fear, fear of, fears, great fear, cu7ltu7re of fear, overcome fear, imagination, use your imagination, imagined, The Submission

Living life well requires using your imagination. This is sad because so many people suffer from a poverty of imagination. It is deeply sad that fear has such a profound impact on imagination.

Often I ask people who their heroes or heroines are and they look at me blankly. I believe people you admire can offer guideposts for your imagination.

I’ve always loved Eleanor Roosevelt, arguably our finest first lady, because she was not loved by Franklin (or his mother), was plain looking, and yet she still found the courage to thrive. To this day, I use my imagination to borrow her courage to make my life work.

The Submission by Amy Waldman is all about how we use our imagination, mostly under the guidance of fear. The author used her imagination to create an anonymous contest for the 9/11 memorial.

The jury reaches a conclusion and chooses a winner, then discovers the creator has the first name of Mohammed. What’s interesting is how much time it takes for one particular juror’s imagination to find the dark path of what terrible meanings may lie underneath the design because of his Muslim background.

Truth is always complicated. Fearful imagination does not demand the time that complicatedness requires. Fearful imagination is very black or white, 1 or 10, with no shades of gray or elements of 4,5, or 6.

Psychotherapyidea is about a search for truth, which is why I identify with cops and not lawyers. It’s also about complicatedness, which is not the purpose of the police. Couples survive when they can learn to use their imaginations to not be either/or in their feelings but learn to sit two difficult truths next to each other instead.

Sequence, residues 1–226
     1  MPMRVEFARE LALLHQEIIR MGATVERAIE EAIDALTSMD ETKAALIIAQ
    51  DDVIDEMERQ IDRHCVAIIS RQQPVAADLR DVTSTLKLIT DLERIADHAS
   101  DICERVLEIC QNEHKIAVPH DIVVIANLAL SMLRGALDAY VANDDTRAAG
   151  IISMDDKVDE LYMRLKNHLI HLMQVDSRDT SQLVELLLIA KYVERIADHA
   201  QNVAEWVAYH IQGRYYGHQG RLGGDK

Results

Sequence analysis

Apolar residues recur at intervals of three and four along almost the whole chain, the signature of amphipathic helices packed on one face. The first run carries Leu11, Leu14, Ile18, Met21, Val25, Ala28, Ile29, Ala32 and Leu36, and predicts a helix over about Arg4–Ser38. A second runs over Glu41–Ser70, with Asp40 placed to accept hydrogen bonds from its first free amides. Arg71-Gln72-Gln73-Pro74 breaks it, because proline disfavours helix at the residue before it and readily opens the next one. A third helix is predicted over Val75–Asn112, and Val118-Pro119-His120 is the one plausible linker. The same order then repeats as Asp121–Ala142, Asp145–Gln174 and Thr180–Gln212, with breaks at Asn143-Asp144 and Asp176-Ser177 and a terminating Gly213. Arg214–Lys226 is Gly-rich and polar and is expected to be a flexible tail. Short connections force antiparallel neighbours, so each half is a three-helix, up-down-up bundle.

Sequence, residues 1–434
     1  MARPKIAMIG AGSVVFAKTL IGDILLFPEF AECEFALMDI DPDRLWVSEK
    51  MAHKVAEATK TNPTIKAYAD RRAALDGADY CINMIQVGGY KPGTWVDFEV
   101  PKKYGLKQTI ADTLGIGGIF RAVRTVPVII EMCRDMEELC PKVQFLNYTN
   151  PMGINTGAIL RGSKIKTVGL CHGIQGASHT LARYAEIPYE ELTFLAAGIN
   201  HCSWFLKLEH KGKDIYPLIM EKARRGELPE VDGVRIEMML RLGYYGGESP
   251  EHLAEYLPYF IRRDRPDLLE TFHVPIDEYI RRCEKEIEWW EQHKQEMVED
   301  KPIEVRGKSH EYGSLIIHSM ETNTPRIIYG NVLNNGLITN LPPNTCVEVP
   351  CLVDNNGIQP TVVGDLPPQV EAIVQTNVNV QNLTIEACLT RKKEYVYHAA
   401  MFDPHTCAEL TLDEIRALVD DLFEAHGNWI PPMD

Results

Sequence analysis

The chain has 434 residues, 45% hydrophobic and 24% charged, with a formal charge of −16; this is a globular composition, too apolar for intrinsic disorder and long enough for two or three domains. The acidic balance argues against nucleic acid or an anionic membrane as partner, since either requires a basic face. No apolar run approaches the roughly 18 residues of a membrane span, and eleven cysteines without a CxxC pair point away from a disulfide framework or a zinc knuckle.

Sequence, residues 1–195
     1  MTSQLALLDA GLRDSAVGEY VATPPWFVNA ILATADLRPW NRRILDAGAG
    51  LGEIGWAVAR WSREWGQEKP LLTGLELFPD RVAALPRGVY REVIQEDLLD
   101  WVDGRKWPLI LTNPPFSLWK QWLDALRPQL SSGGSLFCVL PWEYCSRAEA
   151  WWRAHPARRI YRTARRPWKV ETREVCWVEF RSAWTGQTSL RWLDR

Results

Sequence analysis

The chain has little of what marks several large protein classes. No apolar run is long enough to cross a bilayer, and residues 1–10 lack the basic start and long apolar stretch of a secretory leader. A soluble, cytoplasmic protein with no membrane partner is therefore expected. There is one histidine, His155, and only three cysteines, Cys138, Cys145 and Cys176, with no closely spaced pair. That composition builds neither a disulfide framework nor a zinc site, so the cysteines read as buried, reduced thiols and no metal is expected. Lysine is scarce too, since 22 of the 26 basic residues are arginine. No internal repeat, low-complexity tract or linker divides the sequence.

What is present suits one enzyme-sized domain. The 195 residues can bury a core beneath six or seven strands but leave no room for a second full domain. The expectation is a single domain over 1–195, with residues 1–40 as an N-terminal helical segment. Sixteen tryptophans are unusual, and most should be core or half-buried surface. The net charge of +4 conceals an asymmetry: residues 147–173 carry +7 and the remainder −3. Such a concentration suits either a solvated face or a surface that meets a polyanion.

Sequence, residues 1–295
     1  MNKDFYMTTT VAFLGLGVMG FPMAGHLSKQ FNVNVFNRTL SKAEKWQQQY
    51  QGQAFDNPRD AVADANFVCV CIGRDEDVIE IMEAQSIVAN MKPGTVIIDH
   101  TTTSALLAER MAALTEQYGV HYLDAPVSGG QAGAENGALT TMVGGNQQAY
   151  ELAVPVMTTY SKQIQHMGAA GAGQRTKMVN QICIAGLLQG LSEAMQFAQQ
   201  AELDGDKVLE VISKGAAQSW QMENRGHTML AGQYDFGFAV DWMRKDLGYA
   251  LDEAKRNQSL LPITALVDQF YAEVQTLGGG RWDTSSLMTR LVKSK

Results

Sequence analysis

I wonder if a decline in marriage is in part about not taking the time to learn how to live with the complicatedness of differences. It is an intense amount of work to create enough imagination to respect two points of view. As a culture, we love the convenience of one winning and the other losing. The hard work of compromise is missing, which is why the Republican Senator from Maine, Olympia Snowe resigned rather than continue to struggle in Congress.

When people walk in my office for the first time, it is an act of courage. In turn, I use my imagination to work towards the good that lies within. It is so easy to betray ourselves with exaggerated guilt or any of the seven deadly sins. We have to learn to live with our humanity and all the ways we are wrong or mistaken.

It’s my imagination that loves to read other people’s stories, that does not tire of hearing stories in my office all day long, that keeps me loving to learn, that gives me new ideas to make my ordinary life richer and keeps my interest in art afloat.

I’m glad I grew up when watching television was limited. Our play time wasn’t so orchestrated and we ran in the woods with the other kids in the neighborhood and just made stuff up. It was glorious in its own way to explore a long abandoned house and scare ourselves half to death, which had the end result of feeling brave.

Fear limits the imagination so often for so many. I knew a woman who had bruises on her legs from her eight-year-old’s unwillingness to leave her mother’s side. She had such anxiety that she couldn’t even imagine that excitement is the other side of fear.

We need to learn to imagine excitement more than the fear, which arrives all so easily for us and the characters in The Submission.

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About the Rhoda Mills Sommer

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